Know Before You Go

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High School Gap Year

High School Gap Year

Let’s dive a bit deeper into the “Connection” and “Curriculum” sections of their course and then talk more about Culture Shock and Cultural Differences.

In the Connection module of Canvas, participants are:

  1. Getting to know their fellow program participants
  2. Meeting their CIEE Team and the people that will help them prepare for their Gap experience and staff in-country who will facilitate their program
  3. Thinking about how they want to represent themselves as an ambassador while they are abroad
  4. Learning to navigate communications with friends and family at home while establishing independence and self-reliance as a gap program participant.

Parents: Ask your participant what they want to represent as an ambassador while they are abroad.

Students:  Tell your parents about what it means to you to be an ambassador.

In the Curriculum module of Canvas, participants are:

  1. Learning about the academic parts of their program (Language classes, Service projects or Internship Placements and professional development)
  2. Learning about Cultural Activities and Outings in which they will participate


Parents: Ask your participant what activity they are most excited to try.

Students:  Tell your parents about the cultural activity you are most excited to try.

A Note about Culture Shock:

Culture shock is the feeling of disorientation when subjected to an unfamiliar culture, way of life, or set of attitudes.  Some of the symptoms of culture shock include anxiety, excessive sleep, anger, disinterest, boredom, depression, and withdrawal. For some participants, culture shock happens when they first arrive in their host country; for others, it occurs later as they get to know the local culture and discover differences in things like norms, beliefs, and values that might not have been obvious at first.

Parents:  It is completely normal for participants immersing themselves in another country to experience culture shock.  If you sense that your participant is experiencing any of these symptoms as they adjust to life in a new environment, please let our Support Team know (800.448.9944).  Our support staff can coach you and your participant on how to ease the adjustment to life in their host country.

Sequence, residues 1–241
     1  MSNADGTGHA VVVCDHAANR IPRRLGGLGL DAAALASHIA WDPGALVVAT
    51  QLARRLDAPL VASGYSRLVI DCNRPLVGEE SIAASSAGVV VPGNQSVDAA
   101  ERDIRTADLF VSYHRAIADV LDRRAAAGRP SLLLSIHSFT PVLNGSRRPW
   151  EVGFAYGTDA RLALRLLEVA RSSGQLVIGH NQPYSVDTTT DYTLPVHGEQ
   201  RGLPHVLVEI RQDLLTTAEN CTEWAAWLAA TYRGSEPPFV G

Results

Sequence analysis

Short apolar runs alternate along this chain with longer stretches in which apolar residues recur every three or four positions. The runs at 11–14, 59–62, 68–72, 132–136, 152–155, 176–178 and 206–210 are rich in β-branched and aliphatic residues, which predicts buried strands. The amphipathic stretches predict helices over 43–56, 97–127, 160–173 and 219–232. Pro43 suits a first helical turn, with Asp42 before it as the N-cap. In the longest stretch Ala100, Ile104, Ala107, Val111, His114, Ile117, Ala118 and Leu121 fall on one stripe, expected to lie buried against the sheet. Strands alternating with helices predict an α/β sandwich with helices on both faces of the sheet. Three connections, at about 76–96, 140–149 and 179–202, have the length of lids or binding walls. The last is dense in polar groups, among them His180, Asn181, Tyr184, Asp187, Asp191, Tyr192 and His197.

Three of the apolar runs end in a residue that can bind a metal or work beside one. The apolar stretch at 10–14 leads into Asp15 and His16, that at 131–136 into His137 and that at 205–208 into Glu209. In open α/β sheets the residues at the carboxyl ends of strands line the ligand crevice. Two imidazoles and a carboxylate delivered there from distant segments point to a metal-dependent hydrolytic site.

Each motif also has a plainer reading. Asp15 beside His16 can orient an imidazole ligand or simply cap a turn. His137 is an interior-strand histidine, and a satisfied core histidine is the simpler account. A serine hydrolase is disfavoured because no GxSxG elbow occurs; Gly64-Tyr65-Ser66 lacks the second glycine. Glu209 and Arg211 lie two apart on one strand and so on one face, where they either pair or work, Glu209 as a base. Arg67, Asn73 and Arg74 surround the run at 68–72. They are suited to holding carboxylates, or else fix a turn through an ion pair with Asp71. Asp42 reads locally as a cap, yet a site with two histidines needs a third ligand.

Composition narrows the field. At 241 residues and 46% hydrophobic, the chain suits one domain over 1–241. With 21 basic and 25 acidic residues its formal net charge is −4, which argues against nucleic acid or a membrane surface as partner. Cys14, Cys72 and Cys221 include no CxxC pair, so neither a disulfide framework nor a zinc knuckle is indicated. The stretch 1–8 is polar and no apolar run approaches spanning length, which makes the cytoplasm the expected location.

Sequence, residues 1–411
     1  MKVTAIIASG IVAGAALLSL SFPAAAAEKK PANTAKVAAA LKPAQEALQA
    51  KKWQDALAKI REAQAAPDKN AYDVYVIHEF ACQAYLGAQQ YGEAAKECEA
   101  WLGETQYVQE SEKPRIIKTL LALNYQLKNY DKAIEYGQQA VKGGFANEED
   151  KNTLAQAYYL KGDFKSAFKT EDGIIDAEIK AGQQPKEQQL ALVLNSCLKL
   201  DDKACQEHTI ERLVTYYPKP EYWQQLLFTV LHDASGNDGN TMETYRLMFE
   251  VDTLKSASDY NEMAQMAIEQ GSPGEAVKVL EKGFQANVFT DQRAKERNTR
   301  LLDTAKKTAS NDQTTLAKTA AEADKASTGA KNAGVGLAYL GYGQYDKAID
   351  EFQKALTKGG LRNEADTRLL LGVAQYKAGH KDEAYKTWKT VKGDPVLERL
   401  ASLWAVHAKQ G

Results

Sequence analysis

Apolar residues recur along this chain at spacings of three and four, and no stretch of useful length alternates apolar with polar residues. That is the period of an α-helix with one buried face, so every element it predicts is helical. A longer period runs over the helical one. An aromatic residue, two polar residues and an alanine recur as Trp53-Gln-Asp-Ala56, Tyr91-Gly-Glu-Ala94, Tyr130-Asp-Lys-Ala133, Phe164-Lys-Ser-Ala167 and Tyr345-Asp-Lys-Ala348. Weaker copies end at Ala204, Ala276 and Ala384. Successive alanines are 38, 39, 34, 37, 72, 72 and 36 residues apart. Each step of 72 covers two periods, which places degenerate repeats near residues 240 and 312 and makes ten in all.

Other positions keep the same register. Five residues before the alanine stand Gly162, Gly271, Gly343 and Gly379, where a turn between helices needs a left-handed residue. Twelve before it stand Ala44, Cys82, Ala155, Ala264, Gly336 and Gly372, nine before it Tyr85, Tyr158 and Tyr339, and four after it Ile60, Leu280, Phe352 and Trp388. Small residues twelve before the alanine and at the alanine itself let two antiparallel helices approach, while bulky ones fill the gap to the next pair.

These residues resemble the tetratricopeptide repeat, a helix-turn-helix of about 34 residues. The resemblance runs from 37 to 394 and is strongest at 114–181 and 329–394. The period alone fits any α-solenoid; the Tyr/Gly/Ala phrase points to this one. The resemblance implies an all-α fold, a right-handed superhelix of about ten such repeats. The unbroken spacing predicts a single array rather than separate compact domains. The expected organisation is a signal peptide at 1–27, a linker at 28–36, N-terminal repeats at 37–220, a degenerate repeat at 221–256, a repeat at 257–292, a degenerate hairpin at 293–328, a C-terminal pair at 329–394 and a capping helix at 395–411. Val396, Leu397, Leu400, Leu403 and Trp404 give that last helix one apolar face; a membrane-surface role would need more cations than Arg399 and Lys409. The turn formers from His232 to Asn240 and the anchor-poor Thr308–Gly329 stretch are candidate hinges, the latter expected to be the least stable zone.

If a participant is experiencing culture shock, our staff will often encourage them to manage their digital life, because we have seen that spending too much time on the phone or on social media with family and friends at home slows down cultural adjustment (and, depending on their time zone, can seriously interfere with sleep!). Set your participant up for success by scheduling a regular time to check in with them on a weekly basis, and encourage them to focus on life in their host country during the rest of the week. When you do check in, remember to ask them what they enjoy about the culture of their host country and how they are getting involved in the local community, since verbalizing the positive aspects of their experience and fully participating in local life can help address culture shock.

Cultural Differences - It’s not weird, it’s just different!

Culture, the thoughts, behaviors, and beliefs of a particular group, manifests itself in how members of that group define right and wrong, respect and disrespect, and acceptable and unacceptable behavior. While your participant is abroad, they will likely encounter people who have a different cultural background from them and have been taught to act very differently than them.  Encourage your participant to respond with curiosity, not judgment, when they experience behaviors that initially strike them as “weird”.   Some cultural differences are immediately noticeable while others will be more subtle and take some thought and observation to recognize.  Remind your participant to be patient as they learn and grow. Encourage them to ask questions and talk to people to help understand the differences. 

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